In particular, I very much doubt that our fresh baked cookies team could have described customer choices about their product in any meaningful way.  With an international franchise business model supporting them, no doubt they had all the details of standard staffing requirements, sales targets, and volumes of each and every variety sold.  However, they clearly lacked a crucial piece of local knowledge about actual customer choices, self-evident in the ‘turn away’ factor.  There to be seen by anyone who remembers that customers are actually people (not an amorphous ‘they’), what was missing from the picture was a leader in that outlet to take note and follow up with action.

So once more with feeling, we applaud these business ‘leaders’ (including those disguised as students and service delivery workers) without whose decision making skills their workplace would be, literally, the poorer.  As with our ingenious market worker and a commercially-astute nun (that story for another day), they are keeping the actual object of their endeavours in mind when showing thought leadership, a practice strongly recommended regardless of the activity or the nature of the organisation (commercial, nonprofit, government, whatever).

Sabbatical postcard – no time to wish for coffee

coffee warhol purpleA self-confessed cynic about process improvement, which too often fails from want of a clear objective, I am delighted to report a customer service experience that seems to shine as an exception. It was so fast and efficient there was no time to wish for a coffee while waiting in line for service!

The early indications were really not good.  My eyebrow was twitching upwards right from the off:

  • The service provider is an obvious bureaucracy that has been public about ‘rethinking its service approach’ – oh dear, read cost-cutting and probably worse service from horribly overworked staff, disgruntled by yet again being told to ‘do more with less’.
  • It involved a longer new process for the same result – again with the ‘oh dear’.  It awakened some unpleasant memories from the introduction of eTicket at Qantas nearly 20 years back – the first go around was going to require more time for check in.  Inheriting that untidy bundle from a (former) colleague I looked for a volunteer to stand up and be counted for the design.  As my newfound project colleagues lacked enthusiasm to own it, they rethought their approach to meet my objective – check in for eTicket must take no longer than with an old fashioned paper ticket (really not rocket science).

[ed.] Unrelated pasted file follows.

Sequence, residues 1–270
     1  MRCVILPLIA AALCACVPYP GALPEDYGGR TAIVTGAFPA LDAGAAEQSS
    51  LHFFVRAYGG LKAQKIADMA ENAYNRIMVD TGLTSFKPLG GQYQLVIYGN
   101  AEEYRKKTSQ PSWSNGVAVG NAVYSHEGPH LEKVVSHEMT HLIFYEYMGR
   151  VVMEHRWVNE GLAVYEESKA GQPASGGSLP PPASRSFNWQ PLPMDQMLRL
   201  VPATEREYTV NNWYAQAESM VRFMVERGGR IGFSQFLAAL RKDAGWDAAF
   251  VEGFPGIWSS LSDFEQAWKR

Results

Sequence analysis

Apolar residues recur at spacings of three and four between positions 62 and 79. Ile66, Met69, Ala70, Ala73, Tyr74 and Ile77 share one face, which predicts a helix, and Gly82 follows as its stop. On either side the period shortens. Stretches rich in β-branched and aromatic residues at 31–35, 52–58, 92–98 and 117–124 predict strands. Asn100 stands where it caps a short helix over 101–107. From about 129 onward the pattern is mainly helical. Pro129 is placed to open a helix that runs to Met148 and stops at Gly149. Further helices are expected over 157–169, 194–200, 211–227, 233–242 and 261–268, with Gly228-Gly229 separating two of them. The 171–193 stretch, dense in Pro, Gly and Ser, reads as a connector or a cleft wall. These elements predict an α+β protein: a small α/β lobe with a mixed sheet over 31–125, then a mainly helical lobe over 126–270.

• Then there was the delayed outcome – because it couldn’t be finished on the spot as the old process had been, the result would have to be mailed out. Really? In this day and age?  Even in a post-September 11 world that seems to complicate so many transactions, our desire for immediate gratification never gets any less and we expect technology to help us out, not get in the way.

Mmmm, the whole thing was looking underwhelming – that was “polite me”.  ‘Epic fail’, as the kids say, was more what “impolite me” was expecting.  So following the instructions I received by snail mail, I duly fronted up to the service provider to endure what could not be avoided, a grudge interaction which hardly gave them fertile ground for impressing their client (that would be me!).